Don't tell Tracy Lawrence that you can't teach an old dog new tricks. The singer is gearing up for the release of a new album, and after a 20-year career, he says his new material is an artistic stretch for him, describing the production as "edgier" than past efforts.

Lawrence is getting ready to go for radio adds on his new single 'Stop Drop and Roll,' with an eye toward releasing his new album, titled 'Headlights, Taillights and Radios,' in August. At the recent Country Radio Seminar in Nashville, the veteran entertainer told Taste of Country he's excited about the project, for which he deliberately employed some new elements and a fresh approach.

"I would have loved to do productions like this back in the early '90s," Lawrence says. "I remember a song I did called 'If the Good Die Young' -- I wanted to have a lead guitar solo on there, and the label flipped out! It was too rock and roll. They made us go back and put fiddle on the solo. And now everything is so guitar-heavy. We were trying to do some of that stuff back then, but the powers that be wouldn't allow it to happen."

That's not to say that Lawrence's new record is going to sound like Motley Crue, but the musician did employ some different players for the project, and he also chose to sing in some keys that mark a departure from his norm. "I really wanted to grow," he relates. "I wanted to push myself into some keys that I wasn't totally comfortable in, to push myself to sing a little more aggressive at times. I wanted to leave there feeling like I pushed myself to go above and beyond my comfort zone."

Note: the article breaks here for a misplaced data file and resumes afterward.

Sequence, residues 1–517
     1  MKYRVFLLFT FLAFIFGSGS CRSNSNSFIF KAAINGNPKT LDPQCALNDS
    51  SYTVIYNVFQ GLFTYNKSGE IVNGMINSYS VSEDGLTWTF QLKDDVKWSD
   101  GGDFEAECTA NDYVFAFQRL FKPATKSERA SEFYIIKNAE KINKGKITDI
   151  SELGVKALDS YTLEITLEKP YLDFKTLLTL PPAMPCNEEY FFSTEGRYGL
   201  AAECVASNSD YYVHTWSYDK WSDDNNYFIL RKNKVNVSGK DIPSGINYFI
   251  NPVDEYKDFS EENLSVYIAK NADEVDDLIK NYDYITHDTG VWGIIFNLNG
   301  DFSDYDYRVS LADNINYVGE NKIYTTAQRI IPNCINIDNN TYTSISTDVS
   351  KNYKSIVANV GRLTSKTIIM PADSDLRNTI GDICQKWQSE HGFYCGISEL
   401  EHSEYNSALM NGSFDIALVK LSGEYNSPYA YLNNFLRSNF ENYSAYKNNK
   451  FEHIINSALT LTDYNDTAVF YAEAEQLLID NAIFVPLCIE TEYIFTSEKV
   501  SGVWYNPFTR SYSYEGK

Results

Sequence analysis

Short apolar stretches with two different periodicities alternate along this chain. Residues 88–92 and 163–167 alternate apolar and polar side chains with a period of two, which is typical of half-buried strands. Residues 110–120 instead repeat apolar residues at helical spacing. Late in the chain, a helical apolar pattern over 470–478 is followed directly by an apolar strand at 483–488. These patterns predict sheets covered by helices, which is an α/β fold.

Lawrence also worked with a young engineer on the project, and he was so serious about getting contemporary-sounding tracks that he even spent time with some of his friends in radio, comparing his new mixes to current singles from other artists. "It's a different day and age than it was when I started making records 20 years ago," he acknowledges. "Sonically, I wanted the record to be able to compete."

Still, he's not trying to wholly re-invent himself. Lawrence says he just wants to move forward creatively. "That's what an artist is supposed to be," he explains. "You're supposed to be an individual person. You're supposed to make your own music. I'm glad to feel our industry getting back to that place."

The former legendary hell-raiser is now a settled family man, and he conveys a hard-earned sense of wisdom when he talks about his current approach to his life and career. "I'm like an old turtle these days," Lawrence jokes. "I don't run wide-open everywhere, but at the end of the day, I'll be where I'm supposed to be."

More From KIXS FM 108